The Chancellors’ Budget 2016 proved to be reasonably positive for small business. We have chosen to focus on the changes in relation to business rates – which have, since its inception in 1990, proved to be a real barrier to entry/expansion.
Business rates are calculated by multiplying the ‘rateable value’ of a property by the uniform business rate (UBR). The ‘rateable value’ is the Valuation Office’s estimate of a property’s market rent at a set valuation date. The methodology behind the valuation is often a subject of heated debate.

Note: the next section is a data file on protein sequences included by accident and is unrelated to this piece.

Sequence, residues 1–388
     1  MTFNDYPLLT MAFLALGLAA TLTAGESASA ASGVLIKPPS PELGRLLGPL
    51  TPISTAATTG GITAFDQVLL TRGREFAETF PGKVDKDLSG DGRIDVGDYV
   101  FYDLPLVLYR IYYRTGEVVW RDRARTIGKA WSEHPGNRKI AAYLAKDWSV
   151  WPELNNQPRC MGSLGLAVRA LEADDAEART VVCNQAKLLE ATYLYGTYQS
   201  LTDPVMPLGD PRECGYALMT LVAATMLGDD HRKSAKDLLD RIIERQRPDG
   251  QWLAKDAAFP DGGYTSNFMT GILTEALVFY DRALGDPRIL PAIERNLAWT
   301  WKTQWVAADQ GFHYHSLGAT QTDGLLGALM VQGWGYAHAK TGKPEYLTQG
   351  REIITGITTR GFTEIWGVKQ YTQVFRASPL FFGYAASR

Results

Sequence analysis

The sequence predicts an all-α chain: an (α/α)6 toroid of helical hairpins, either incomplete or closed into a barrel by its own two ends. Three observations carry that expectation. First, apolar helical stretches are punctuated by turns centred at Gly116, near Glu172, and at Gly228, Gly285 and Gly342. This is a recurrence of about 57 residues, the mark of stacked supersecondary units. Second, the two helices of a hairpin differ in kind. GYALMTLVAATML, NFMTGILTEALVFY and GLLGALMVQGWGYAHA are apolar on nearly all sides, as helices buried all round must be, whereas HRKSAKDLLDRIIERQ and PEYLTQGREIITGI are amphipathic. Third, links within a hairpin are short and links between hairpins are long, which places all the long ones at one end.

Small businesses rate relief has been extended, with small business’ paying 0% if rateable value is below £12,000 – tapering to £15,000 from 1 April 2017 – and then discounts if value is between £12,000 and £15,000. Additionally the threshold for businesses paying the highest rate of the tax has been increased from £18,000 to £51,000. All welcome changes that encourage the taking physical space on the High-street.
These changes to business rate thresholds will mean local authorities and landlords can be more competitive and flexible to attract investment. Start-ups will be more likely to want to move and upgrade their premises as their business expands.
In addition, commercial property investors should welcome this change as there is less likelihood their tenants will struggle to pay these bills and reducing void periods.